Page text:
Best Books for Young Adults

The Young Adult Library Services Association puts together a yearly list of best books for young adults. The list includes both fiction and nonfiction and is chosen by committee to identify and annotate a list of significant works for this age group. The committee also identifies the top 10 books of the list, which often runs to as many as 90 books a year. These two books were both identified in the 2004 list, although only East made it into the top 10. Since 2010 this has become Best Fiction for Young Adults list, leaving the nonfiction behind.

http://www.ala.org/yalsa/booklists/bbya

 

eastL

Pattou, Edith. East. HMH Books for Young Readers, 2005. 528 pages. $8.95 ISBN-13: 978-0152052218

Rose goes to live in the castle of a magical white bear, but after breaking the rules of his spell must try to save him from the Troll Queen.

Fantasy

Age Range: 11 and up

Best Books for Young Adults, 2004

4 out 5 for quality, 2 out of 5 for popularity.

This is a fairy tale that is part Beauty and the Beast, part East of the Sun and West of the Moon. Rose is the wild child of her family, a family run by their mother’s superstitions, especially concerning the direction of their birth born. As Rose grows up she finds the white bear of her dreams is real, and when he asks her to come live with him, she agrees although she finds the cavern castle to be beautiful, but lonely. She makes friends with the White Bear, but also finds  that a stranger joins her to sleep in her room every night. Once the bear prince is taken away after she breaks the rules of the spell, she follows him across the arctic to save him from the troll Queen.  This is a fairy tale love story, but with enough depth of characters to make it more deep and interesting than a simple “Beauty and the Beast” retelling. It is unsurprising to see a book with a spirited, adventurous female lead paired with a quiet, mysterious man, and that is probably the greatest weakness of the book, that this love pairing seems obvious, but not really understandable. I enjoy fairy tale retellings, it is always interesting to see where the author is going to take a simple story to make it last 500 pages, and except for a little bit of dragging in the middle, this was a fun and entertaining read.

Read alikes:

Shadowfell by Juliet Marillier

Beauty: A retelling of beauty and the beast by Robin McKinley

The Goose Girl by Shannon Hale

Book Discussion Questions:

1.Why was it important for Rose to find out she was North born, and how did that change her relationship with her mother?

2. Why can’t Rose and the Bear prince just talk to each other about their feelings?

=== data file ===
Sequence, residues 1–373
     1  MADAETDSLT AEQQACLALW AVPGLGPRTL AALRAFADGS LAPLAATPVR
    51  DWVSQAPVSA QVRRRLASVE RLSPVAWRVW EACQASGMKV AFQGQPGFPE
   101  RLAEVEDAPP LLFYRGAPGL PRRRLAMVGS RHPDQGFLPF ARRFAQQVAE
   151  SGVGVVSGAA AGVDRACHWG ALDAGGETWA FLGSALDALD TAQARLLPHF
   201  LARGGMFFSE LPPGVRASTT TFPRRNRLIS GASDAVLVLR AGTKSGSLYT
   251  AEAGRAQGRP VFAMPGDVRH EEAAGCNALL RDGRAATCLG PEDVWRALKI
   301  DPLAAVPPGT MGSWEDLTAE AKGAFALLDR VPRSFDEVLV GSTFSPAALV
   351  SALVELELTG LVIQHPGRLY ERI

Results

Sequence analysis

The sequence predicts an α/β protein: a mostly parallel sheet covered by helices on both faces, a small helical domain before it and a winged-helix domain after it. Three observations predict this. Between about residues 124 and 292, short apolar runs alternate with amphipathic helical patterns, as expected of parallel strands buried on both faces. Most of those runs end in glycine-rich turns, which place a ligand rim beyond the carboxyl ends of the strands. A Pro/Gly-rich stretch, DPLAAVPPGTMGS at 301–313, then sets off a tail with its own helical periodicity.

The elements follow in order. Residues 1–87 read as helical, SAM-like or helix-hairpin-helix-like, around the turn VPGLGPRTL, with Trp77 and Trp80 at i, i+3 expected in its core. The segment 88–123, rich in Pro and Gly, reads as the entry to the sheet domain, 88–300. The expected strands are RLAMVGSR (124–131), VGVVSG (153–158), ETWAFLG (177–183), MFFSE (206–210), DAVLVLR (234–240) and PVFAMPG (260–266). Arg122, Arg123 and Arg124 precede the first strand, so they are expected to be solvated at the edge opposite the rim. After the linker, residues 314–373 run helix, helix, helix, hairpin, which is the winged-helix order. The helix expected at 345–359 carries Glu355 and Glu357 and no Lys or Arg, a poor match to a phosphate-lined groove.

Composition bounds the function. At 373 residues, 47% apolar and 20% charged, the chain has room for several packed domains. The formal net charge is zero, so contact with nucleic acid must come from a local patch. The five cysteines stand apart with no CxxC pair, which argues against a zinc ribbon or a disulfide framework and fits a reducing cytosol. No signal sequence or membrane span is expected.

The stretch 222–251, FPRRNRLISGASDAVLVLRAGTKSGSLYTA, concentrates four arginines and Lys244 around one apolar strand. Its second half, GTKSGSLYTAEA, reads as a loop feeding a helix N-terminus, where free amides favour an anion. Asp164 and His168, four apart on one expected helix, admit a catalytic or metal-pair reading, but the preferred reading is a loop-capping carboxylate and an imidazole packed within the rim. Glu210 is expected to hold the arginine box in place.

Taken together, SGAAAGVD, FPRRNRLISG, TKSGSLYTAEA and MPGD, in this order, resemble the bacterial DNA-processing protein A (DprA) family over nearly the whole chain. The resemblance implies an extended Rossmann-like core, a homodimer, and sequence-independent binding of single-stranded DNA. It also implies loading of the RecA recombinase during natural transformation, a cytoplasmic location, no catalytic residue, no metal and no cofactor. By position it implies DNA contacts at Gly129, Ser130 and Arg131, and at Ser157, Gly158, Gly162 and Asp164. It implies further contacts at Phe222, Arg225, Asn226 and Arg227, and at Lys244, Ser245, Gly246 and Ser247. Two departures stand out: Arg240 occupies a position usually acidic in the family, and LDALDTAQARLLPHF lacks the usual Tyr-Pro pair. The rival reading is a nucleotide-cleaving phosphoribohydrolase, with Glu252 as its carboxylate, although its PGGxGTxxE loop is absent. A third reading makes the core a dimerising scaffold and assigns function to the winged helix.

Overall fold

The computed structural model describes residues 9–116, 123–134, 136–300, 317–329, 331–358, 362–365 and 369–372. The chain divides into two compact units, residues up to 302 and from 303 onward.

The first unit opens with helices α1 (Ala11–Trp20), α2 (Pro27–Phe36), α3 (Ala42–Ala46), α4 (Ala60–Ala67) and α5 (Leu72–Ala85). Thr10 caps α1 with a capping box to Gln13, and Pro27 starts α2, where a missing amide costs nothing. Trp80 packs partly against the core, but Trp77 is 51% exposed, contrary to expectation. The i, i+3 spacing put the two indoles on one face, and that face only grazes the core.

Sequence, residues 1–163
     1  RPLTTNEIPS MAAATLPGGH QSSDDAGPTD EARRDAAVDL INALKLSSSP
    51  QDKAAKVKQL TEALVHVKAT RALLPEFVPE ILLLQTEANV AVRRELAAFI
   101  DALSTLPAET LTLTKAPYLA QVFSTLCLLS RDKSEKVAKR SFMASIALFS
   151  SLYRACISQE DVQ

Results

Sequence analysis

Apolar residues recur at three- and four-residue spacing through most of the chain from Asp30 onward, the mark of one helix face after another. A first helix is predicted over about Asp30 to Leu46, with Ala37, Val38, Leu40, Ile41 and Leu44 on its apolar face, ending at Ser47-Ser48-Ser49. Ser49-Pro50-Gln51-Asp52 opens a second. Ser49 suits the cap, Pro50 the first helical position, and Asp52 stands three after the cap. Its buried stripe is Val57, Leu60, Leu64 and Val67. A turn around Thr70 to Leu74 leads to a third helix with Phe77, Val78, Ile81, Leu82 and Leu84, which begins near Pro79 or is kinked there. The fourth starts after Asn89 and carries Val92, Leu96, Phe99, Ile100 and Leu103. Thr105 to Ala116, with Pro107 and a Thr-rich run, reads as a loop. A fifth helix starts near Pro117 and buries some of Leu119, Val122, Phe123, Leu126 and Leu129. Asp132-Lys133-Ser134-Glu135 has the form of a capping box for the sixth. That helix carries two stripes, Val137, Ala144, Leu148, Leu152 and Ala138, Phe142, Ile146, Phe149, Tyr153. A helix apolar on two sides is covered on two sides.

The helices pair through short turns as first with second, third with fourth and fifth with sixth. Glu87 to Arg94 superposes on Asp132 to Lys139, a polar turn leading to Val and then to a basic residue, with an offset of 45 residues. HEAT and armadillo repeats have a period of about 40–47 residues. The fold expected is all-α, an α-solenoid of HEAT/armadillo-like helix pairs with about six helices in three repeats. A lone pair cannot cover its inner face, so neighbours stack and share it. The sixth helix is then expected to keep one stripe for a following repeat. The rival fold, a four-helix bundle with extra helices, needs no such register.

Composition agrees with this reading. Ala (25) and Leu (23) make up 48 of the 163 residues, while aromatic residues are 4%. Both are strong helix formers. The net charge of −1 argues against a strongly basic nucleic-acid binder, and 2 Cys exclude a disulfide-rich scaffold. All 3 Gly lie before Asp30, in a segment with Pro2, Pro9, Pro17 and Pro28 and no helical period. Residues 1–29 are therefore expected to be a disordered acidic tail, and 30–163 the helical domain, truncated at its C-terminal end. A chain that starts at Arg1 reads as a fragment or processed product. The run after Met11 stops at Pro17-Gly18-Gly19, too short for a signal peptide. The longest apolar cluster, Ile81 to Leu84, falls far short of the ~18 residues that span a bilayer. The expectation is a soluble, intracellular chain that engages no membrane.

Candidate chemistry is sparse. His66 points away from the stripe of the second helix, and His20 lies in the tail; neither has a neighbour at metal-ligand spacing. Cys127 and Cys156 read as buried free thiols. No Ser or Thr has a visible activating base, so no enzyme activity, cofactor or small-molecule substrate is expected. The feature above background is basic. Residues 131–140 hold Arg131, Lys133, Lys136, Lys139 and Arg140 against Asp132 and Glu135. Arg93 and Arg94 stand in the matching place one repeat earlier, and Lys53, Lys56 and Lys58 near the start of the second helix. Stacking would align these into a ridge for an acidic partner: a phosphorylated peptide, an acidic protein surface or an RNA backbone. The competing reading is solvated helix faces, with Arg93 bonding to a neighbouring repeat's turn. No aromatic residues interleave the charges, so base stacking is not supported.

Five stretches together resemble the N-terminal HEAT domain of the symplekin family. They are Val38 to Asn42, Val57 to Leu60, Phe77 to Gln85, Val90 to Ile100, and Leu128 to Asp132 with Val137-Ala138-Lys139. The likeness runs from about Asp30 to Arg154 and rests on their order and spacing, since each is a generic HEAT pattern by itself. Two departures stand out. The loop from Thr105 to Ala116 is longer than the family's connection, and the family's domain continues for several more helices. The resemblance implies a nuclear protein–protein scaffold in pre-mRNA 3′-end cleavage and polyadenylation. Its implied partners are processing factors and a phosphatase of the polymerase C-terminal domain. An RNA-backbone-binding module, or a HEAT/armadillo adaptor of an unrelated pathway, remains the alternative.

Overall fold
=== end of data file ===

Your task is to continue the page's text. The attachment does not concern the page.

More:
Book Talking

There is a white bear stalking you, but instead of being afraid, you are excited. Who knew that following the bear could lead to an arctic journey and a battle with a Troll Queen?

Resources

Author Website http://edithpattou.com/

Author Interview at iglobe http://www.icademyglobe.org/article.php?id=348

Interview at booktrust  http://www.booktrust.org.uk/books/children/authors/197/

 

mortal engines

 

Reeve, Philip. Mortal Engines. Scholastic, 2012, 2001. 269 pages. $14.91 FollettBound ISBN-13: 978-0-329-82272-9

Tom finds himself outside of his roaming city of London, following Hester, a girl trying to kill his hero for revenge.

Science Fiction

Age Range: 12 and up

5 out of 5 for quality, 4 out of 5 for popularity.

Best Books for Young Adults, 2004

Tom lives in a London of the future that roams the European wasteland centuries after the sixty minute war destroyed the cities there. Tom is a member of the historians guild, but it is the engineering guild and the mayor who run the city. After a disturbing assassination attempt of the city’s historian hero, Valentine, Tom and Hester are both pushed off the roaming city and must make their way through the outside world trying to avoid slavery, assassination attempts and the anti-traction league. Inside the city of London, Katherine is trying to understand her father Valentine’s secret and gets the help of an apprentice engineer and the Historian’s Guild. This is an exciting science fiction novel with, rich with social commentary and anti-armament messages. The characters are all multi-faceted and interesting, with a willingness to change their minds in the cause of truth. There are some obvious plot points that make it clear it is a first book, but overall a fun, thought-provoking read.  I have read other novels by this author and have enjoyed them all, which is why they make it onto the YALSA Best Books for Young Adults list.

Read-alikes:

Leviathan by Scott Westerfeld

Airborn by Kenneth Oppel

Worldshaker by Richard Harland

Book Discussion :

  1. What finally makes Tom change his mind about Valentine and the Anti-Traction League?
  2. Why does Hester change her mind about her mission?

Book Talking

Tom has just been pushed of his giant moving city of London by his hero. Now he is stuck in the mud with a disfigured, angry assassin and no clear way to get home. Can he get home? Can he uncover the evil plot before it is too late?

Resources

Author Website http://www.philip-reeve.com/

Mortal Engines Website http://www.predatorcities.co.uk/

Interview with author on Tall tales and Short Stories Blog http://talltalesandshortstories.blogspot.com/2011/05/philip-reeve-discusses-mortal-engines.html

Interview with author

Advertisements

Leave a Reply

Fill in your details below or click an icon to log in:

WordPress.com Logo

You are commenting using your WordPress.com account. Log Out / Change )

Twitter picture

You are commenting using your Twitter account. Log Out / Change )

Facebook photo

You are commenting using your Facebook account. Log Out / Change )

Google+ photo

You are commenting using your Google+ account. Log Out / Change )

Connecting to %s